What is “Planting for Pollinators”?

In April 2018, Prairielands Council will kick-off Planting for Pollinators, a massive conservation project to protect and promote sustainable habitat for butterflies and bees. Pollinators are responsible for many of the foods that make our diet colorful--without them, we don’t eat! Besides this, they also pollinate many wildflowers. You may have heard that bees are disappearing and butterflies are dying. These and other animal pollinators face many challenges in the modern world. Habitat loss, disease, parasites, and environmental contaminants have all contributed to the decline of many species of pollinators.

Scouts are looking to halt and reverse this trend. The the bees and the caterpillars that eventually become butterflies depend on native plants for their food source. With Planting for Pollinators, Scouts will be encouraging not just the protection of existing stands of native plants, but planting and cultivating more of this vital pollinator food. How can you help? Simple. Protect native flowers where you see them and plant more. They are usually not difficult plants to cultivate because they are adapted to this area. Most natives are perennials, so once you plant and establish them this spring, your plants will return the following year to help feed the next generation of butterflies and bees.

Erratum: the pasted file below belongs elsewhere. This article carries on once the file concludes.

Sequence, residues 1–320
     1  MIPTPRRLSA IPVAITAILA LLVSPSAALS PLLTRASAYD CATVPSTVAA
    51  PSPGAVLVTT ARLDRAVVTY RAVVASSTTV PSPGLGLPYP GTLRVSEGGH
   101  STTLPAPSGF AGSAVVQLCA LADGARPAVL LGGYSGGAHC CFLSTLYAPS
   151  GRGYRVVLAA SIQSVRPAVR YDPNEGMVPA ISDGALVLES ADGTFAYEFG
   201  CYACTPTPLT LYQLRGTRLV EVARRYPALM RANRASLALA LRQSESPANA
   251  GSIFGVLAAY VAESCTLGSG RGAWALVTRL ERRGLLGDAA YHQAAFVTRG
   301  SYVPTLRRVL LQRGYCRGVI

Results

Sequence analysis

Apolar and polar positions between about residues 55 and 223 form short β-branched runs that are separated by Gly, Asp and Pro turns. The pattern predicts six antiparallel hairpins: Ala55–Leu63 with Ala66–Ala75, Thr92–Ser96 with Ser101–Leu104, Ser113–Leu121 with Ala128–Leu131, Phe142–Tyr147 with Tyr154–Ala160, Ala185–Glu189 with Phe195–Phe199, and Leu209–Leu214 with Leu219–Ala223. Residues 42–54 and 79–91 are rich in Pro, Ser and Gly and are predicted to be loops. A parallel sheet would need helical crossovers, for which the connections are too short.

What can you do to help?

Take the Planting For Pollinators Pledge

  1. Download the Planting for Pollinators Pledge.
  2. Complete the pledge form.
  3. Return the pledge to the Raymond Lee Scout Service Center, C/O Parker Arnholt or email a scanned copy to prairielandsbsa@gmail.com.
  4. Return your pledge to Prairielands Council to receive your a packet of pollinator seeds in April for spring planting

Plant A Garden

Participating units will choose a location in their community to plant a pollinator garden.  Consider places such as schools, community centers, or a member’s home.  Make sure to get permission to use the space. Go to our Pollinator Garden Sign Up Form to participate.

Think about which plants you would like to include.  A variety of native flowers provide good food sources for bees and butterflies.  Different species of bees and butterflies often prefer different food sources (for example, you might know that Monarch caterpillars need milkweed), so think about who you’d like to attract to your garden.  You’ll also want to think about the conditions of the spot you’ve chosen to plant your garden.  Some plants are more tolerant of shade or wet soil than others.  This guide from the Xerces Society is a good place to start. Click HERE for the guide.

If you’re planting outside:

  • Plant seeds in moist soil after the threat of frost.
  • Read the seed package to find out how deep and how far apart from each other to plant the seeds
  • If starting your plants by planting indoors:
  • Start plants in pots using the same planting depth and spacing as if you were planting outside.
  • Place seedlings near a window or fan so that their stems are strengthened from air movement.
  • Allow 4-8 weeks growing time before moving your plants to ground outside.

To continue growth: